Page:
Caribbean Martins keep visiting us again, landing on the genoa and the mizzen and chirping happily. Can they be the ones we saw in Dominica?
|Three little birds! (There's a song there I think!)|
We keep checking if the Alsace café is open as we can see from the boat. Finally it opens in the evening but it is raining heavily again so we will try to check in on Monday.
Monday is a calmer day but there is a storm brewing off the Cape Verde Islands so we need to get south. We manage to check in at the tourist office, get some shopping , do the laundry, have a nice snorkel. There is an amazing amount of life under the boat. Tile fish, Garden eels and an electric ray on the sand, many fish amongst the rocks at the shore including Chain morays. A big Barracuda swam by so we decided it was time to get out and finish off the day with a braai.
|Balloonfish under the boat|
Tuesday, 4th of July so we celebrated US independence with hot dogs for supper. Proper sausages of course, solidarity only goes so far!
The next day as we were taking of the covers and getting ready to sail we had the Martins round the boat again, a male with his beautiful blue plumage calling at the end of the mizzen. A female arrived with some straw in her beak and was stuffing it in the back of the mizzen! In 3 days they had cased the joint and had decided to move in! Sadly, we had to throw their half made nest out amidst the poor birds franticly flying and calling at us.(Good job we don't speak Martinian! The air would have been quite blue!)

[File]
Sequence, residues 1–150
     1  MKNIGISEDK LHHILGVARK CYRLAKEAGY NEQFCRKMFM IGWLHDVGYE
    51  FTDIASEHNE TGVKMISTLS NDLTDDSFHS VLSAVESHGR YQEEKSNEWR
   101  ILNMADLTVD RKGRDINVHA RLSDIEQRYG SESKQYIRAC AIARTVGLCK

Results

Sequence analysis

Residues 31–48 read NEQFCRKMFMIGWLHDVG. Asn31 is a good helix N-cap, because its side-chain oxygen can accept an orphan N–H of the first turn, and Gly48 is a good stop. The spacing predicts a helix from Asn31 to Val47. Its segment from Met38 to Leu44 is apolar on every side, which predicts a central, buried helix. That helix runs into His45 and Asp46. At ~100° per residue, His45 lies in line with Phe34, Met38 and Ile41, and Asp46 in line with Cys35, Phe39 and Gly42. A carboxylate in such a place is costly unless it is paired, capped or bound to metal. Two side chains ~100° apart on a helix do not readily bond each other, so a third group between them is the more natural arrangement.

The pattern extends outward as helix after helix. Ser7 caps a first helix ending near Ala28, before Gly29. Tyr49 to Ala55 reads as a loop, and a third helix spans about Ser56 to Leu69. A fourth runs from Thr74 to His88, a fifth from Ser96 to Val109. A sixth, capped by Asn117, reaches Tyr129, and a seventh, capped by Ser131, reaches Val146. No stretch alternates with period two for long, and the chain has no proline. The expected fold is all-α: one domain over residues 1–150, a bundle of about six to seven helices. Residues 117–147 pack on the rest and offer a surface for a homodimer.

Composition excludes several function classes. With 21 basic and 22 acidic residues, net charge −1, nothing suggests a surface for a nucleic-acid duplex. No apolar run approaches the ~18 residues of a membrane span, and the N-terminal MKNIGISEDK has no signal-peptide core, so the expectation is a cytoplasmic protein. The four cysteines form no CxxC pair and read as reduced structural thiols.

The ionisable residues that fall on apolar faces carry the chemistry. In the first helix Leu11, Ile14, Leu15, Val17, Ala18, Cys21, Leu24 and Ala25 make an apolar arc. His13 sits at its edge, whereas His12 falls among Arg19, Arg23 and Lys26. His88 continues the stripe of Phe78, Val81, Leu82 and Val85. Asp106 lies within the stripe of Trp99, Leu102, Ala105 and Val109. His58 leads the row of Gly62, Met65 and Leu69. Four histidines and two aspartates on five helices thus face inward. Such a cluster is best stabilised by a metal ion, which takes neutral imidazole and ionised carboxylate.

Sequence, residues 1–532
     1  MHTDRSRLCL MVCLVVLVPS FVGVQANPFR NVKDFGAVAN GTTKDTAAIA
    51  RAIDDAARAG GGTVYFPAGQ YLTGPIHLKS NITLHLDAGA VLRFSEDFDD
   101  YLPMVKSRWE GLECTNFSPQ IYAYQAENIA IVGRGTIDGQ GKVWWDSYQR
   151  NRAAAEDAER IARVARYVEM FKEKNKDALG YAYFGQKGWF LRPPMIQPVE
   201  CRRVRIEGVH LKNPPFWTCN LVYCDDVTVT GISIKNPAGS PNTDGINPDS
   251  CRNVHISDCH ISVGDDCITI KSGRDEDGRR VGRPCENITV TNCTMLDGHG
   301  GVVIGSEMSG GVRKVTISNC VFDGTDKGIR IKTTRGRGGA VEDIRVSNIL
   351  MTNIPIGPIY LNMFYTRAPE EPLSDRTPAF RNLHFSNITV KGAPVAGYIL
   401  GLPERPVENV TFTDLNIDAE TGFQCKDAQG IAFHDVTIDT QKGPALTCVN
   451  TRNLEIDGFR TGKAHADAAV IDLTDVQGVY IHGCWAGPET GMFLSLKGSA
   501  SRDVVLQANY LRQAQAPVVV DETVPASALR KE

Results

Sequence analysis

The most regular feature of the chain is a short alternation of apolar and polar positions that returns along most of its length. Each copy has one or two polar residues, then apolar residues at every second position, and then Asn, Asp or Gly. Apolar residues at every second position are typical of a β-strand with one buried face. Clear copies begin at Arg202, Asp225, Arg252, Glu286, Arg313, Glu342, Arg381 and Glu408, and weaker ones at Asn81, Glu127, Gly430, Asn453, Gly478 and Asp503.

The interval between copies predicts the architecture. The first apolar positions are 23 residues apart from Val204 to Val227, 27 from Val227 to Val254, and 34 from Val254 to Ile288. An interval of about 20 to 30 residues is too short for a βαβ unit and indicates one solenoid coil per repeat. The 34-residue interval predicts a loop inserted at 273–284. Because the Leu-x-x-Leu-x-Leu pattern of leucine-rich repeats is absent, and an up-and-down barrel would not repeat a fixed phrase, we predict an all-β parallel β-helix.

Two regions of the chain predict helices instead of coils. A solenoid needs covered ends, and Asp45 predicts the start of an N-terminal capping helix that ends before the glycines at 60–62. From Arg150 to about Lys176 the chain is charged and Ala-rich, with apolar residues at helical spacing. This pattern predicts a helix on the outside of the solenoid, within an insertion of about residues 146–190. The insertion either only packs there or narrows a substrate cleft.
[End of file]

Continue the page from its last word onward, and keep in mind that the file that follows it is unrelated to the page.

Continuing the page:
We were only going as far as Anse d’Arlet about 20 miles and all in the lee of the island. We thought we might have a pleasant uneventful sail for a change.
We sailed for a while, but it was pretty rough especially around Fort de France. Suddenly we had 3 navy patrol boats on a collision course, moving fast. We quickly took down the bimini in case we had to tack. (Our traveller is in the cockpit so our bimini is in two halves so we can have one half up when we are sailing. If we need to tack we have to get it out of the way.)
Of course, it was now raining.
By now we could see they were flying French courtesy flags, so they weren’t after us, but getting too close. Almost at the last minute they turned 90 degrees and went behind us. We couldn’t see their ensigns so don’t know who they belonged to.
|Jolly boating weather!|
Approaching the Anse we were hit with 30kt winds and heavy rain, so we could not see any of the many pot markers we know are all over the place here. We missed them all and were anchored off Anse Chaudiere by 13:20, nice and calm in lovely sunshine! Martins flying around again, so we did our best to shoo them off. They can’t have followed us surely?
Unfortunately we had to anchor twice more as the anchor did not bite in all the seagrass. Poor Richard had to do it all by hand. He has decided we are going to St Lucia as soon as possible and not leaving until the windlass is sorted or replaced. Fair enough!
I could not resist a quick snorkel – this is one of my favourite spots – and then another braai- a flattie this time (South African style spatch cocked chicken).
|Damselfish in an Anemone|
Tomorrow, St Lucia.